I haven’t done the math on it so I might be off, but it could provide the benefits of both dedicated smallsat (less wait, more choice over the orbit) and bigsat payload sharing (lower cost) with less downside. In addition, it could have a cascading effect on the space.
You would just be launching feedstock and some components, so, like you mentioned, you wouldn’t have as much weight dedicated to infrastructure. Also monetary risk of a launch failure would be lower since there wouldn’t be a 100m satellite on board.
I’d also assume that because satellites wouldn’t have to withstand a launch, you’d be able to use less physically robust, more intricate components and silicon. Which would decrease aspects of development and production cost.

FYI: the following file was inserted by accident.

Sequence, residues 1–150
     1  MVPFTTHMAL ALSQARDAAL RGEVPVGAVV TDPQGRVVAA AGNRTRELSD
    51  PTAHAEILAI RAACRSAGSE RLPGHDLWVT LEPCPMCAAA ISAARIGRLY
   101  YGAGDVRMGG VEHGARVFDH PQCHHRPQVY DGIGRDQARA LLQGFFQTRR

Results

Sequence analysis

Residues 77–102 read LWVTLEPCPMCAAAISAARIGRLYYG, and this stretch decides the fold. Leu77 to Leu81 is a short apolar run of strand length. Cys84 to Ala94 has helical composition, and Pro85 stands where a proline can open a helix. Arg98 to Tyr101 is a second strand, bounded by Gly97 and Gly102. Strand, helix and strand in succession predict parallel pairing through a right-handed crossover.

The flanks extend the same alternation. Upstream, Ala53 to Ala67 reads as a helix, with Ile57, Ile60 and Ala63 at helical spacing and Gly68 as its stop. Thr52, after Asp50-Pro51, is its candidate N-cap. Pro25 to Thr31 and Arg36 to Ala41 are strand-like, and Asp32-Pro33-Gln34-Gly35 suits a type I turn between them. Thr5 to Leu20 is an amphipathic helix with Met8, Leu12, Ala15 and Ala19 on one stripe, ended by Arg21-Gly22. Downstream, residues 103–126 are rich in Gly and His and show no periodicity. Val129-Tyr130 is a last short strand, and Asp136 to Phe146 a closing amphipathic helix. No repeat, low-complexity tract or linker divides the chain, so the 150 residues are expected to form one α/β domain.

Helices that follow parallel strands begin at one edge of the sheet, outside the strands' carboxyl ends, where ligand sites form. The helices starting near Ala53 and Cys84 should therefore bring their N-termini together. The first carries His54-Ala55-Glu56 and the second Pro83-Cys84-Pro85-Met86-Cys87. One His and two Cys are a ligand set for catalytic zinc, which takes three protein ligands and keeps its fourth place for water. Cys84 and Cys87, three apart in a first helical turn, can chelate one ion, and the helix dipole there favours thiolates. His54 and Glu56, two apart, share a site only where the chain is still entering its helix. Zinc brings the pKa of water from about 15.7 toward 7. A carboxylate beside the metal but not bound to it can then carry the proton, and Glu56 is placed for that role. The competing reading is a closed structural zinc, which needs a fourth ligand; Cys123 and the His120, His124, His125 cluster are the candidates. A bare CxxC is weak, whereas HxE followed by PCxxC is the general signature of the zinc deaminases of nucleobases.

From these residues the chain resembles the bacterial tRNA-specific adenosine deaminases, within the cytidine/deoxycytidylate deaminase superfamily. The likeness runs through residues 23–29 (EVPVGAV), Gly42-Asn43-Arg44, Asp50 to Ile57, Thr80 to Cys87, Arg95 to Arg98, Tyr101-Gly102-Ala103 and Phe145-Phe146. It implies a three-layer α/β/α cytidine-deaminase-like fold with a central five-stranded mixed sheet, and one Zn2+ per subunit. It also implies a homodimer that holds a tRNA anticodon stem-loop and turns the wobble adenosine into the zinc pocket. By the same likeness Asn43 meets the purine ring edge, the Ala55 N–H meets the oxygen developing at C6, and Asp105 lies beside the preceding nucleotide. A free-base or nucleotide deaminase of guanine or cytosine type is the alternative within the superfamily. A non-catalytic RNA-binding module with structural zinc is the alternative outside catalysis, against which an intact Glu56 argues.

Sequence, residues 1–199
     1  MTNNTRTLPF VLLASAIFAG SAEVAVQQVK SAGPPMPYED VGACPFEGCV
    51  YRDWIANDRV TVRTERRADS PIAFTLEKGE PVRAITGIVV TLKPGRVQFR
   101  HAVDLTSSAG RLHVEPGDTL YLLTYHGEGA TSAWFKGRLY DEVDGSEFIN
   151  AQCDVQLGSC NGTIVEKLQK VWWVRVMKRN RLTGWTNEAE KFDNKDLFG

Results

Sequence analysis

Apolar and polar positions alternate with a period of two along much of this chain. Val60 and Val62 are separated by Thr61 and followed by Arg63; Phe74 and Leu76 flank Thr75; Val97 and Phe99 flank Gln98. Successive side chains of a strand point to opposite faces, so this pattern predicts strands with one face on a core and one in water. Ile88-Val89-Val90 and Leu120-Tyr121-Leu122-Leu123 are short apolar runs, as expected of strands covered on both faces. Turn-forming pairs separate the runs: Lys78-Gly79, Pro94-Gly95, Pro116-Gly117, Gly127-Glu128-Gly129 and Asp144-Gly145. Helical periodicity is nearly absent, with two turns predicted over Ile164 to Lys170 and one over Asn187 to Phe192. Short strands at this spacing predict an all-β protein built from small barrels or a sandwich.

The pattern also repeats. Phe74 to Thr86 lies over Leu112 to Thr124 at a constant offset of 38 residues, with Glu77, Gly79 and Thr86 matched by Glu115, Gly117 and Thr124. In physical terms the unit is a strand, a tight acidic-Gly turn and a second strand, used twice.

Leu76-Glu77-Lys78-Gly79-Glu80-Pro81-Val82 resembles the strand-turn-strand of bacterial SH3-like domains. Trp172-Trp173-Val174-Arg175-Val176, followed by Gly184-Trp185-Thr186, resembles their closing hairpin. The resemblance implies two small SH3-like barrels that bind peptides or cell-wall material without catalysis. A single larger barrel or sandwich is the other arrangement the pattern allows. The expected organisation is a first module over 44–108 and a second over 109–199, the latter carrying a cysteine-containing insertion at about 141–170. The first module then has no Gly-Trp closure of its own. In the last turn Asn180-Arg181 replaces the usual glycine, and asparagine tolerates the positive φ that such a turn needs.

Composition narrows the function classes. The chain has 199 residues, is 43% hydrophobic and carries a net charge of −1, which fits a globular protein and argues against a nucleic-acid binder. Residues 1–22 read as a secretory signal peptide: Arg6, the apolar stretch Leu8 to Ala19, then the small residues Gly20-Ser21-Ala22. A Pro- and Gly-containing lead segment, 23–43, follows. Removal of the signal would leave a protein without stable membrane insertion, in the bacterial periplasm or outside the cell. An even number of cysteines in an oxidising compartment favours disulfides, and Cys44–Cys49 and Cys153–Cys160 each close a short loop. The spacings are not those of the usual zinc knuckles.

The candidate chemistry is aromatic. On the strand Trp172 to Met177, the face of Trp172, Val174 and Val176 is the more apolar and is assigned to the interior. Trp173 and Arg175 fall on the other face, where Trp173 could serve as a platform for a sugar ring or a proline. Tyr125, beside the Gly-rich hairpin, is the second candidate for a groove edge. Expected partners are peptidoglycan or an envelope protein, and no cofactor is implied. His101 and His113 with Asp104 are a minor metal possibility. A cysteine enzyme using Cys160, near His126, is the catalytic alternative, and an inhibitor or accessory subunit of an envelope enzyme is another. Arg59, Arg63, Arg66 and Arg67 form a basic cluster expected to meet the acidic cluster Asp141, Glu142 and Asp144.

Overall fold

Construction would definitiley be more expensive at first given the current level of demand, which could be prohibitive if you couldn’t automate the process at a reasonable cost, but overall cost could be lower.
This decrease in overall cost could make it available to more companies, opening production up to more economies of scale, which is a positive feedback loop to a point.
Also the ability to spin up a new satellite remotely and relatively quickly could save companies like one web billions in otherwise unearned revenue at scale, and reduce the ammount of time that startups have to employ expensive engineers before they startup making money.